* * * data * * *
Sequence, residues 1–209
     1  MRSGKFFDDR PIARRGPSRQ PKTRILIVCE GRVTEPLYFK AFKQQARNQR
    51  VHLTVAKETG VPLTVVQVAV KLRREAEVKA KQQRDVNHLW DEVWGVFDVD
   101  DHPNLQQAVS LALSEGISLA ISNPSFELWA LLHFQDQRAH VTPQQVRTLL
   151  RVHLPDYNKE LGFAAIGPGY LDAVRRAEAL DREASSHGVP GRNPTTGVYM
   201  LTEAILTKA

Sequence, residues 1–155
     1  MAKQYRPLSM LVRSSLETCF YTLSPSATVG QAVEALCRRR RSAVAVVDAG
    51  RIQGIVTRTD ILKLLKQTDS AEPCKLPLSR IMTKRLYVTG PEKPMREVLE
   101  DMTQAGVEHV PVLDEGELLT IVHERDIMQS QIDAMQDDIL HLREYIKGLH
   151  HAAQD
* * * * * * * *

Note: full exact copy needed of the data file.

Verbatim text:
Sequence, residues 1–209
     1  MRSGKFFDDR PIARRGPSRQ PKTRILIVCE GRVTEPLYFK AFKQQARNQR
    51  VHLTVAKETG VPLTVVQVAV KLRREAEVKA KQQRDVNHLW DEVWGVFDVD
   101  DHPNLQQAVS LALSEGISLA ISNPSFELWA LLHFQDQRAH VTPQQVRTLL
   151  RVHLPDYNKE LGFAAIGPGY LDAVRRAEAL DREASSHGVP GRNPTTGVYM
   201  LTEAILTKA

Sequence, residues 1–155
     1  MAKQYRPLSM LVRSSLETCF YTLSPSATVG QAVEALCRRR RSAVAVVDAG
    51  RIQGIVTRTD ILKLLKQTDS AEPCKLPLSR IMTKRLYVTG PEKPMREVLE
   101  DMTQAGVEHV PVLDEGELLT IVHERDIMQS QIDAMQDDIL HLREYIKGLH
   151  HAAQD